What are parents expecting that their children should be doing after school?
At DS1's school (independent) they had no official after school clubs available until the summer term, as they thought that would be too much for the little ones.
To be honest mine would come home and I expected them to crash out in front of the TV until teatime. With an early bedtime to follow. Par for the course.
Other than a bit of reading I wouldn't set any homework for little ones.
bubbles1231 · 08/03/2013 20:34
Tell parents they may need to scale back on after school activities and not to worry, the tiredness is normal and will pass. Some parents get very anxious, don't they? :-)
RedPencils · 08/03/2013 20:41
Parents are complaining you're tiring their kids out too much? Please come and be my DTs teacher.
PointlessCow · 08/03/2013 20:45
DD started Reception in September and despite being one of the oldest in her class was exhausted by 3pm every day. Waaailing hysteria on the school run, or monosyllabic weeping. Tantrums or general grumping around. The autumn term was pretty unpleasant.
She also fell asleep in class a couple of weeks ago. However, as someone mentioned above, her behaviour in class was fine. I would never expect the teacher to ensure that she had time to rest at school, nor do I think DD would want to actually. Making sure she gets enough rest is my job as her mother: very chilled weekday evenings and early bedtimes. The parents of your class are being a bit unreasonable IMO.
poshme · 08/03/2013 20:46
I would suggest 2 things to them- 1) their children will need a snack immediately after school - in the playground sometimes! And 2) their children will be tired- it's normal- and they may need to go to bed earlier.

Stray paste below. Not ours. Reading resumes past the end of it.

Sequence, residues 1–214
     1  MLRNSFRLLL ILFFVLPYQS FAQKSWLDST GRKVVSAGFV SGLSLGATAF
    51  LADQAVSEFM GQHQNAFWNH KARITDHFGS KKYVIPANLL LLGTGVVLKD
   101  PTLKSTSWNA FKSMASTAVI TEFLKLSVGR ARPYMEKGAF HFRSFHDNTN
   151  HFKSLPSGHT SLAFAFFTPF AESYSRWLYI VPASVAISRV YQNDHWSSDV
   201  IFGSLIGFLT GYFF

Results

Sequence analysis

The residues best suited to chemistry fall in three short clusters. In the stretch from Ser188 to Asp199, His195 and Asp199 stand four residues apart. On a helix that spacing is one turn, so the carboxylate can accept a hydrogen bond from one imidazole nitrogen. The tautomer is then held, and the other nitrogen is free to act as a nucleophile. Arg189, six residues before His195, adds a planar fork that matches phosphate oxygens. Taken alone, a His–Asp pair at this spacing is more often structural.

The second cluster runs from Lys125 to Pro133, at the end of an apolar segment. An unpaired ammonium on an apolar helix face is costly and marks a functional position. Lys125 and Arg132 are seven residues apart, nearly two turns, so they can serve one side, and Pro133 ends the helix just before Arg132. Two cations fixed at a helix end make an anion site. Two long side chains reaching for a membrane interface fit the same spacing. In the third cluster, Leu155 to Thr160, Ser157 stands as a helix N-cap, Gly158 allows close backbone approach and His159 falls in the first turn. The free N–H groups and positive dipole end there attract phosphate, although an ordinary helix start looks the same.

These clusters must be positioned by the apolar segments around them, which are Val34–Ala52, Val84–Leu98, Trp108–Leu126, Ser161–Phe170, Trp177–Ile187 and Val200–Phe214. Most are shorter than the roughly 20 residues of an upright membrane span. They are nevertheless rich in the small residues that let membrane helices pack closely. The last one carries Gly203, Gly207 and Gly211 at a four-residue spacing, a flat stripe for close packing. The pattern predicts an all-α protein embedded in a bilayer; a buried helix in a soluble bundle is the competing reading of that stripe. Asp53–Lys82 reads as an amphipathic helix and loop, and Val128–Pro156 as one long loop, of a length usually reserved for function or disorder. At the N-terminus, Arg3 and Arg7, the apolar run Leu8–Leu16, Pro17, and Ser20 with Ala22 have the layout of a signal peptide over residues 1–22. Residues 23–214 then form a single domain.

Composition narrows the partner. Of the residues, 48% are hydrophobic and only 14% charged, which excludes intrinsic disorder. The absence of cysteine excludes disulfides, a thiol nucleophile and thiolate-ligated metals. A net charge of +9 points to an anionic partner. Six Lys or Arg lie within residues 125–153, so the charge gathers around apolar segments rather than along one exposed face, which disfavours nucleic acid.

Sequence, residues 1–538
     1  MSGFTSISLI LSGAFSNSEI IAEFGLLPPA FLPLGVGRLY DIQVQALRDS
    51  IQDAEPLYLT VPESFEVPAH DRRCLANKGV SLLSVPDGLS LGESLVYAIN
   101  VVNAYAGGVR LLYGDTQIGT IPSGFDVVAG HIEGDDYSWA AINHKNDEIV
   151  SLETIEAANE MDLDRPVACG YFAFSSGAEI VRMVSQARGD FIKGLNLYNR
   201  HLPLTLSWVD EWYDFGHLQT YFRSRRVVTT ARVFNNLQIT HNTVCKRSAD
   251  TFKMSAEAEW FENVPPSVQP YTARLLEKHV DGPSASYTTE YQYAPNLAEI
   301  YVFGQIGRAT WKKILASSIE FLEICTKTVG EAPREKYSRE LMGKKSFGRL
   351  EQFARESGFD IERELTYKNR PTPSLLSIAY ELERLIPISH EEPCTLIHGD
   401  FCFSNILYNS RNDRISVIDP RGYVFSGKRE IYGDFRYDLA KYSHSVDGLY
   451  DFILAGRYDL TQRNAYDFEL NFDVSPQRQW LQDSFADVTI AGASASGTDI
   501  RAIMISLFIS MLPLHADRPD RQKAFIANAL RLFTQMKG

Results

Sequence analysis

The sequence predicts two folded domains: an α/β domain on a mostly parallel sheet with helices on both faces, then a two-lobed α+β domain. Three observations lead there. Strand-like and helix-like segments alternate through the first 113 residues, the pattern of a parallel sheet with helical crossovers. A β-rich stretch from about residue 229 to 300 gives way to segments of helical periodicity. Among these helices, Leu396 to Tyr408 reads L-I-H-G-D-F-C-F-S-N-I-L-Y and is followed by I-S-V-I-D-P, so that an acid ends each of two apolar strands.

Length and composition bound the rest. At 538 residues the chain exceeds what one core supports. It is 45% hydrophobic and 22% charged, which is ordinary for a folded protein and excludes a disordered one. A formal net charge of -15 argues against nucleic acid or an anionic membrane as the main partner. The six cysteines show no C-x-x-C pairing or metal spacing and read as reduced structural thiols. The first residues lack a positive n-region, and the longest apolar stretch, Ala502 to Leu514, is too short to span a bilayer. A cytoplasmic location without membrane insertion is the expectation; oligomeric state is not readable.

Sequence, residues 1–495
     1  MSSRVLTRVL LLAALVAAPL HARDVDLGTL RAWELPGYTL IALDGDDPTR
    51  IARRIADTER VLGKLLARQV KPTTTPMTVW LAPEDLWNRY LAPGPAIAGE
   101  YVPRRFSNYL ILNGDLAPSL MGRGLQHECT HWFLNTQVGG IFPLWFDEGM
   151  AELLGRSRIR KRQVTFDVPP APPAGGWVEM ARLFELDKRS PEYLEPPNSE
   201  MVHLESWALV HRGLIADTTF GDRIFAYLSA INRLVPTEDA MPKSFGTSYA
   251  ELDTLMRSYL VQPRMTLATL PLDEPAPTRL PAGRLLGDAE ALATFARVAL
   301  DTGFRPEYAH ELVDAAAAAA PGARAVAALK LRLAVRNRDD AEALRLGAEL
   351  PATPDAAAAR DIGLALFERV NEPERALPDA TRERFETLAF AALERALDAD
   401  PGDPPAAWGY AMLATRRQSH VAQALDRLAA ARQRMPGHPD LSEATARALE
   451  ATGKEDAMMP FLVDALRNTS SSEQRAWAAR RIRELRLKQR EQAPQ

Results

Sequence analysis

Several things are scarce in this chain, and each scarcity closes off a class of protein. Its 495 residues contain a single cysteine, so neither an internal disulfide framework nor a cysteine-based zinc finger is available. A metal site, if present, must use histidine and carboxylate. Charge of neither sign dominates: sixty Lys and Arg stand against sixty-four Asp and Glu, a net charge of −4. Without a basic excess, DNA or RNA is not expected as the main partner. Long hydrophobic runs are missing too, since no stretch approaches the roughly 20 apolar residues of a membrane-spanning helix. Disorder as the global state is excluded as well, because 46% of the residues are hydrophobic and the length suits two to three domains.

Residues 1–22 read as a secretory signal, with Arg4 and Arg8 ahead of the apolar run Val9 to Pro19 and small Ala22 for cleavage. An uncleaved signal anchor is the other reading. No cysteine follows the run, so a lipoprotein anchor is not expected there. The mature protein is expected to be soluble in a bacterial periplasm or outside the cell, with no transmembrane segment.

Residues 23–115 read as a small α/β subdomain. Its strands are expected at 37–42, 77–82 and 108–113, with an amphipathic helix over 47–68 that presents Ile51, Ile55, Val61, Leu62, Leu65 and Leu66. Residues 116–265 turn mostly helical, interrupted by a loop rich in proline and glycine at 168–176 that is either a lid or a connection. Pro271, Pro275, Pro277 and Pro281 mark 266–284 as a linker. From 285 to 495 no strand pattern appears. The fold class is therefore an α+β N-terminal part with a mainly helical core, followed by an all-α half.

Forcing all the children to rest at school when they don't all need it is not helpful IMO.
(I'm a parent of 3, and was a primary school teacher)
poshme · 08/03/2013 20:47
And whatpointlesscow said- I didn't let any of my kids do after school activities in the autumn or spring terms of reception.
FSTeacher · 08/03/2013 20:53
My impression from parents is that they feel it is not acceptable for children to be so tired after school and that there is something fundamentally wrong with the education system...and that it is my (teachers/schools) job to ensure this is avoided at all costs...I am trying to work out whether it is at all possible for me to do that.
Whatsdoneisdoneisdone · 08/03/2013 22:31
I feel that there is something wrong with an education system that makes children who are as young as just four attend full time education. If they are so tired they can't have family time, are wailing and hysterical or falling asleep in the classroom then is it really doing them any good? Really?
My ds will be just 4 when he starts this December and I'm hoping the school will allow him to go part time for the first term. I cannot for the life of me see what benefit there is to forcing them in so early. We don't achieve any better as a nation. In fact we come off worse than the countries that start them at 6 or 7.
It is not of course the teacher's fault. It is just how it is. But it seems crazy to me.
Andro · 09/03/2013 12:35
May I just say that you sound like a very good and caring reception class teacher!